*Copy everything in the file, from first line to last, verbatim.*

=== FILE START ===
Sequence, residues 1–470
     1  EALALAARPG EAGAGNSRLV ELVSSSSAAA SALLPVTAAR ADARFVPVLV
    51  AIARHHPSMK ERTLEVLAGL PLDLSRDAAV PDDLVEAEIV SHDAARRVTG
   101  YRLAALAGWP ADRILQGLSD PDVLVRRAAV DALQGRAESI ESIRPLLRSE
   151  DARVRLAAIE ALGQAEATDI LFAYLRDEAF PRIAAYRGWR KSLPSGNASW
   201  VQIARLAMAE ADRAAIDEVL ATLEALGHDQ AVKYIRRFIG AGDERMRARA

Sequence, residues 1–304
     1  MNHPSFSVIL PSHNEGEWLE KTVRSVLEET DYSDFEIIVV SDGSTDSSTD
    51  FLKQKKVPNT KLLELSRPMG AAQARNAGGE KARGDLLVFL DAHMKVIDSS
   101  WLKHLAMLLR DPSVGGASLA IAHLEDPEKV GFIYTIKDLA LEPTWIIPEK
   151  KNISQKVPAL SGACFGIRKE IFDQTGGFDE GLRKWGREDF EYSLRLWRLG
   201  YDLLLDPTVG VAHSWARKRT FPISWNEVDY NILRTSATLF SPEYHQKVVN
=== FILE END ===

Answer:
Sequence, residues 1–470
     1  EALALAARPG EAGAGNSRLV ELVSSSSAAA SALLPVTAAR ADARFVPVLV
    51  AIARHHPSMK ERTLEVLAGL PLDLSRDAAV PDDLVEAEIV SHDAARRVTG
   101  YRLAALAGWP ADRILQGLSD PDVLVRRAAV DALQGRAESI ESIRPLLRSE
   151  DARVRLAAIE ALGQAEATDI LFAYLRDEAF PRIAAYRGWR KSLPSGNASW
   201  VQIARLAMAE ADRAAIDEVL ATLEALGHDQ AVKYIRRFIG AGDERMRARA

Sequence, residues 1–304
     1  MNHPSFSVIL PSHNEGEWLE KTVRSVLEET DYSDFEIIVV SDGSTDSSTD
    51  FLKQKKVPNT KLLELSRPMG AAQARNAGGE KARGDLLVFL DAHMKVIDSS
   101  WLKHLAMLLR DPSVGGASLA IAHLEDPEKV GFIYTIKDLA LEPTWIIPEK
   151  KNISQKVPAL SGACFGIRKE IFDQTGGFDE GLRKWGREDF EYSLRLWRLG
   201  YDLLLDPTVG VAHSWARKRT FPISWNEVDY NILRTSATLF SPEYHQKVVN